If this resonates, you might want to follow #GetYourManuscriptOut (started by @raulpacheco, @shawpsych, and @miremara)
Details here
(via Twitter / AcademicBatgirl: Pareto’s Principle. It’s why …)

If this resonates, you might want to follow #GetYourManuscriptOut (started by @raulpacheco, @shawpsych, and @miremara)

Details here

(via Twitter / AcademicBatgirl: Pareto’s Principle. It’s why …)

08 7 / 2014

"We believe that reflective thinking happens when students do one or more of these fourteen things:

  1. Check the assumptions that inform their actions and judgments
  2. Seek to open themselves to new and unfamiliar perspectives
  3. Attempt intersubjective understanding and perspective taking — trying to understand how another person reasons, understands content, or views knowledge
  4. Make their intuitions and “gut” feelings the focus of study
  5. Study the effects of their actions with a view to changing them
  6. Look for blind spots and omissions in their thinking
  7. Identify what is justified and well grounded in their thinking
  8. Accept and experiment with multiple learning modalities
  9. Value emotional dimensions of their learning as much the purely cognitive
  10. Try to upend their habitual ways of understanding something
  11. Connect their thinking conducted in one domain to thinking in another
  12. Become more aware of their habitual epistemic cognition — the typical ways they judge something to be true
  13. Apply reflective protocols in contextually appropriate ways
  14. Alternate cognitive analysis with an acceptance of an unregulated, unmediated flow of emotions, impulses, institutions and images”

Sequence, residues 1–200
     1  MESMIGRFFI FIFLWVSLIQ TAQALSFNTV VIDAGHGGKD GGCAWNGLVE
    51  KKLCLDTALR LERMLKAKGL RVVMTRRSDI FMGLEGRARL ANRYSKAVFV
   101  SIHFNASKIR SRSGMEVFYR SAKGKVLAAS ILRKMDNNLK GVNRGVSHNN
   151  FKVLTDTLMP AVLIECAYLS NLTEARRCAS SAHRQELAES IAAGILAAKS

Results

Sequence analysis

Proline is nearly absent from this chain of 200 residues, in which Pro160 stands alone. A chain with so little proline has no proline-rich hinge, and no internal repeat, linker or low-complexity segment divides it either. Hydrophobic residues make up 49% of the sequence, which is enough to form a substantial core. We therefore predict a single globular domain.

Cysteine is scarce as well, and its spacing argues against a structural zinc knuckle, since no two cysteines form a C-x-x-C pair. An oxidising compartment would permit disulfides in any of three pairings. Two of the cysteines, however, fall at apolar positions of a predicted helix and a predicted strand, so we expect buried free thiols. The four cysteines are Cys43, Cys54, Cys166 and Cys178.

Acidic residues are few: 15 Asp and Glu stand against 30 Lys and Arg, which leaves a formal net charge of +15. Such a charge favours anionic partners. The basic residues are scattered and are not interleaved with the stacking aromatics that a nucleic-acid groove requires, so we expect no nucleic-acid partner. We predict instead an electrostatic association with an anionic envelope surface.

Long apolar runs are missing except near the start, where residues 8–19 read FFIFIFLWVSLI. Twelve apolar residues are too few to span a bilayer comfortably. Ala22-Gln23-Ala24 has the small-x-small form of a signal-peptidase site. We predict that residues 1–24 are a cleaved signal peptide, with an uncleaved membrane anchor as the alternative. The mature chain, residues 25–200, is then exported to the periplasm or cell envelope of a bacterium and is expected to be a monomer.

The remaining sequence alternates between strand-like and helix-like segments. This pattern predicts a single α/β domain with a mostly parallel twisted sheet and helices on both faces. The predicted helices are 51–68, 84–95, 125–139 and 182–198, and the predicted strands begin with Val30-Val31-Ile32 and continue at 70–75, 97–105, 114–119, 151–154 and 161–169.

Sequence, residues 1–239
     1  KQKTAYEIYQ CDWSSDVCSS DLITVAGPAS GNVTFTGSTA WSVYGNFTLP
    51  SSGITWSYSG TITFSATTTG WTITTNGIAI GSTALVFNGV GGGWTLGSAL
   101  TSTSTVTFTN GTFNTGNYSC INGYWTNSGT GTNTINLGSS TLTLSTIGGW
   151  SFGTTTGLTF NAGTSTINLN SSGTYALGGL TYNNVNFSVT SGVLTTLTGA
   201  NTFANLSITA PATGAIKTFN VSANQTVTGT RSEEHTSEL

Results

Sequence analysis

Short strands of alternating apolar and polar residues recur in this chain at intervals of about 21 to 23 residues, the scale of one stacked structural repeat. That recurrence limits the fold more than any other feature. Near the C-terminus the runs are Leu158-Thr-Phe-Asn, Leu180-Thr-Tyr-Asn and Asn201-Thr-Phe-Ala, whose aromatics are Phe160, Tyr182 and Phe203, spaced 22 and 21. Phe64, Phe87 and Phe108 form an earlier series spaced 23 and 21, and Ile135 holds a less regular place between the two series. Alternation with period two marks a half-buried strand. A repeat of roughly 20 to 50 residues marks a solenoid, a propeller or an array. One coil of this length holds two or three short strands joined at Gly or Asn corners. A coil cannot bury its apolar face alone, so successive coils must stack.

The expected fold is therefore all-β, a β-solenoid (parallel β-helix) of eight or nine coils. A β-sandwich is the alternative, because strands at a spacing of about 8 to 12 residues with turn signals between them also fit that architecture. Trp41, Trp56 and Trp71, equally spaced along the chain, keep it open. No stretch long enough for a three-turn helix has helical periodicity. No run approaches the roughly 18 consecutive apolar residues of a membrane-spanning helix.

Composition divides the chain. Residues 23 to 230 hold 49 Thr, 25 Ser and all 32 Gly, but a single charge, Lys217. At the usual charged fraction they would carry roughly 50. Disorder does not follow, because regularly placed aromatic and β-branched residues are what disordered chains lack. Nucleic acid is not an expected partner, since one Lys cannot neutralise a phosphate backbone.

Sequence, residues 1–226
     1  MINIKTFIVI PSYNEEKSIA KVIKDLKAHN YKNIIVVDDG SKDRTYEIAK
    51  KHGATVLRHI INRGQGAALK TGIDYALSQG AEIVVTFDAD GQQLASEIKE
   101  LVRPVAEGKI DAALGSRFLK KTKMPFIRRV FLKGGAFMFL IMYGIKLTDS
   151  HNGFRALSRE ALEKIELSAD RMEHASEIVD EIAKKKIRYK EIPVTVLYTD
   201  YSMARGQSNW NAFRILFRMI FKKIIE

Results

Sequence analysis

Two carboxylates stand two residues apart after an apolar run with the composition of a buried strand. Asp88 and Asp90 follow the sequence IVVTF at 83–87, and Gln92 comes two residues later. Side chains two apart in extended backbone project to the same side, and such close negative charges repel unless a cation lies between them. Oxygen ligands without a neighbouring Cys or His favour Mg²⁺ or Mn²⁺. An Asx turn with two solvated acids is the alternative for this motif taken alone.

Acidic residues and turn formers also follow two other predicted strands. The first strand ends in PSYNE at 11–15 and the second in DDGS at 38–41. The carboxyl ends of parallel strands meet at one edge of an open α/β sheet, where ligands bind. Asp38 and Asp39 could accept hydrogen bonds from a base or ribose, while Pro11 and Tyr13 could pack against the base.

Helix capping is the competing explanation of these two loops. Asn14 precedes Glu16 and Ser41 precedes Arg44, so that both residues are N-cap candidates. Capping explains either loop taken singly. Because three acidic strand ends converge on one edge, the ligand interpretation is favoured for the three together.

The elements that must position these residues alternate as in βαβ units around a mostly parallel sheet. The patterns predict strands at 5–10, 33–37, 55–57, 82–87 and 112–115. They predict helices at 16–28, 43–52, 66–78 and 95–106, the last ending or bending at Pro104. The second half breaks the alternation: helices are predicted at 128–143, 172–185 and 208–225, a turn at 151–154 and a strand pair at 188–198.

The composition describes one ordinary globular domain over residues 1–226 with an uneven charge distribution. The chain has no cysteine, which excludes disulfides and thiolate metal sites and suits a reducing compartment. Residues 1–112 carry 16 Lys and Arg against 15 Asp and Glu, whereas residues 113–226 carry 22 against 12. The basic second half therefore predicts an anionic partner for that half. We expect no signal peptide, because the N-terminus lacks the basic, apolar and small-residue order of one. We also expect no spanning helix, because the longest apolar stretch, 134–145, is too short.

— from Engaging Imagination: Helping Students Become Creative and Reflective Thinkers.  Stephen Brookfield & Alison James. 2014.

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Most of these things aren’t about information literacy, per se, but they’re almost all necessary for information literacy skills and concepts to be meaningful.  You can be the greatest searcher in the world, but if you’re a closed-minded thinker incapable of seeing a world you haven’t experienced, what’s the point.

Actually, I don’t think you can be the world’s greatest searcher if you’re closed-minded thinker incapable of seeing a world you haven’t experienced.  So scratch that.

08 7 / 2014

"Engaging Imagination is the companion site for our book Engaging Imagination: Helping Students Become Creative and Reflective Thinkers, a little corner of cyberspace for discussing how to develop imaginative and creative pedagogies, and a blog on these (and other subjects)."

08 7 / 2014

"

This one deserves a “wow.”

SAGE Publishers is retracting 60 articles from the Journal of Vibration and Control after an investigation revealed a “peer review and citation ring” involving a professor in Taiwan.

"

08 7 / 2014

"To be brief and snarky, we’re asking a silly question about the wrong version of the Declaration. In 1776, very few people would have given much thought to which punctuation mark was in that particular location, nor would they have been particularly bothered by the variety. But they also wouldn’t have had much idea at all that there was a parchment version that later generations would fetishize."